I’m coming straight at you and I want to touch your heart.

We ­­– you – have to support the flood victims. It’s not an option. I know a lot of you have been giving your all, but all of us have not. Come on, man. It’s not hard. It’s as easy as a trip to the store and then a short drive to a donation center. Do it. Be one of the cool kids. Speaking of kids, and adults (Drew Brees I’m looking at you), the state’s sport teams, leading by example, have answered the call.

The Saints and Pelicans have opened their facilities and pocket books to help out those in need. The Benson family has never shied away from giving to charities in the past and this season will be no different.

As reported by nola.com, "It is tragic what has happened and is happening across so much of our region and state now. The thoughts and prayers of our organizations are with the thousands of victims affected by the flooding," said owner Tom Benson.

The Saints and Pelicans are there for the flood victims. Sure, it would be cool to see photos of Anthony Davis and Cameron Jordan hoisting boxes or clearing out a flooded house. Just like it would be cool to see you or me doing the same. Yet, even though I haven’t seen any photos of our favorite stars, I have read that the women and men “behind the camera” – if you will – have put in the good work.

According to nba.com, Saints and Pelicans staffers have volunteered their hours sorting through boxes of donations – the goods sent in by you and me – at the United Way’s SELA’s offices and prepared packaged meals with the Second Harvest Food Bank’s Community Kitchen.

And here’s one aspect of the Benson’s charity that may be overlooked. The Saints, along with the NFL Foundation, are going to provide schools that were directly hit by the flooding with funding to replace football equipment – to get the kids back on the field, so to speak. To get them back in the game.

“Well it’s just sports,” is what a cynical you-know-what could say about that. But let’s not pretend that a town’s sports teams don’t have an impact on the community. New Orleans, do I need say more?

While it’s normal to look to the professional teams to support the community in times of need we still shouldn’t overlook our local colleges for all of the aid that they give.

The Southeastern University Lions, LSU Tigers, UNO Privateers, Tulane Green Wave, Nicholls State Colonels and UL-Lafayette Ragin’ Cajuns athletes are all putting in hours to help the cause. These kids these days, right?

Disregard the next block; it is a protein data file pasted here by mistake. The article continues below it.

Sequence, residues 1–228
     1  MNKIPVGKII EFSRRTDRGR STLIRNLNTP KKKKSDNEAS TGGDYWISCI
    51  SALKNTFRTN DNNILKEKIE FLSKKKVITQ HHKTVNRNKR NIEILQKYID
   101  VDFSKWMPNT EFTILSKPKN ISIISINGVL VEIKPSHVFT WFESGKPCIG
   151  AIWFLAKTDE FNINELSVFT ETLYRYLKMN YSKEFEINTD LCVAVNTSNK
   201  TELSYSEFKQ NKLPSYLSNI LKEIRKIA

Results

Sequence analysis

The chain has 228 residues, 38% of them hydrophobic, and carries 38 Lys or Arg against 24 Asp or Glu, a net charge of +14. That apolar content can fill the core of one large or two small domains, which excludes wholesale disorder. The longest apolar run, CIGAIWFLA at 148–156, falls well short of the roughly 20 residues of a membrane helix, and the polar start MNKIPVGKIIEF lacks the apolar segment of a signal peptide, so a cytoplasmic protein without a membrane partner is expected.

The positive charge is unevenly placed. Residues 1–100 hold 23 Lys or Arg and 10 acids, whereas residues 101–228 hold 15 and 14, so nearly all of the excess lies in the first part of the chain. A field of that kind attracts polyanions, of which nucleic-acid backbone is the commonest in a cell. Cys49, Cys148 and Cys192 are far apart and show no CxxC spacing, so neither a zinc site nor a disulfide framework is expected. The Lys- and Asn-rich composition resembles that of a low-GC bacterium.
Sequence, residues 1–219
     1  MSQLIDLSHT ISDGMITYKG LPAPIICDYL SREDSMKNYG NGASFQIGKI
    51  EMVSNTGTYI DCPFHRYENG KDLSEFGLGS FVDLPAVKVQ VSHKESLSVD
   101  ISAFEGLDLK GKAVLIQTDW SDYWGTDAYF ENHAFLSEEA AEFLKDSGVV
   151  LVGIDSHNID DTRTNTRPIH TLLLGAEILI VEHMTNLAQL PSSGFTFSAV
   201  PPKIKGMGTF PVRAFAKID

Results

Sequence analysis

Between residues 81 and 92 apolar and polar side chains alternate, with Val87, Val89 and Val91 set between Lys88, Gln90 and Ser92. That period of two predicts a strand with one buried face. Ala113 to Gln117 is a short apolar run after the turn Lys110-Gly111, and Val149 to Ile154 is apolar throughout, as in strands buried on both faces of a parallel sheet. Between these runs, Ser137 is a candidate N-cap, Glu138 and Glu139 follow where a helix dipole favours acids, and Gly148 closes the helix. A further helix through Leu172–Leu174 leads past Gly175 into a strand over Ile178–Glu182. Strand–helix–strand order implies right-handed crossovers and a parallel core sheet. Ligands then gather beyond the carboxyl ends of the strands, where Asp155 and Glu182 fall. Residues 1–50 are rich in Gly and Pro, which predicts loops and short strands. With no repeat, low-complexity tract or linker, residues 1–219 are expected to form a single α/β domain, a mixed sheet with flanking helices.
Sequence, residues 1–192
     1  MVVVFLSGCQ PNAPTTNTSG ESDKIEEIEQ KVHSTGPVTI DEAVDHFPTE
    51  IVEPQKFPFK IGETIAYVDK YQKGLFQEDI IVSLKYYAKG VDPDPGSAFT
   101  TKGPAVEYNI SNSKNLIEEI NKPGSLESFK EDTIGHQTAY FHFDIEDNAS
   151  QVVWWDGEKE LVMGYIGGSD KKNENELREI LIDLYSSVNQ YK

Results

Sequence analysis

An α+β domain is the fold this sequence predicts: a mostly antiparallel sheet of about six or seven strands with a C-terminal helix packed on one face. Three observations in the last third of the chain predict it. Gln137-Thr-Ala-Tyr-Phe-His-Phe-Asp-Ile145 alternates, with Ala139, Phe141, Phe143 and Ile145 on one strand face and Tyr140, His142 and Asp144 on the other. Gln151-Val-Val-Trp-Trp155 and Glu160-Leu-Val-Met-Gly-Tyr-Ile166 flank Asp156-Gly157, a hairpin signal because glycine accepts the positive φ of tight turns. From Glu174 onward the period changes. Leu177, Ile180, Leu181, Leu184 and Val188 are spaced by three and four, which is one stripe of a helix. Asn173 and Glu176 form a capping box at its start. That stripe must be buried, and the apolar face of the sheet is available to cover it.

But it’s not just the athletes. All of the schools have been rallying students and locals to get out and help. SLU’s Facebook page says that their volunteers have put in 670 hours and helped 58 homes. SLU’s current banner on their page is a green and yellow hammer and wrench. If you’re in that area and want to help with your time or resources you can go to the Team Tangipahoa Facebook page.

The city of New Orleans has responded as well. Donation centers are all around the city and individuals are hopping in cars and heading west to aid in the recovery effort. Barrel Proof, on Magazine Street, has had scores of volunteers show up at the bar to make thousands of sandwiches to aid those in need.

Tulane’s president Mike Fitts has put the call out on the school’s website, imploring Tulanians, and New Orleanians, to volunteer or donate money. The page has links to Volunteer Louisiana, United Way, the Greater New Orleans Foundation and more.

Friends, the roads of generosity are endless. We just have to choose to take them. I was speaking with a friend about the Habitat for Humanity donation box that is on St. Charles. I told them that I was dropping some clothes off for the flood victims. They asked if Habitat was actually helping with the recovery effort. The Habitat has, but if they didn’t…I’m still good. I know my clothes are helping someone.

Here is another example.

Earlier in this column I asked what are you doing to help. If you haven’t so far, that’s fine. To be honest, most of us are caught up in work all week and sometimes don’t have the time to give on the weekend. While we should all work towards figuring out a way to physically help out, if we can’t, there is always the donation route. That’s something all of us can do.

I was shopping at Winn Dixie last, picking up food for my cat. And, as many of you have read, there is a huge need for sheltering and feeding all of these dogs and cats affected by the storm. So, it was simple. I grabbed the food for my cat Cleo and then piled in ten more cans of cat food. It cost me five bucks. I’m going to take them to Zeus’ Place on Freret today after work.

As you read story after story about the victims of this flood there is one recurring theme – the folks are just happy that someone came to get them. Look – I’m no hero. You’re no hero. But this is a time, an opportunity, for us to be greater than ourselves. Take it with me.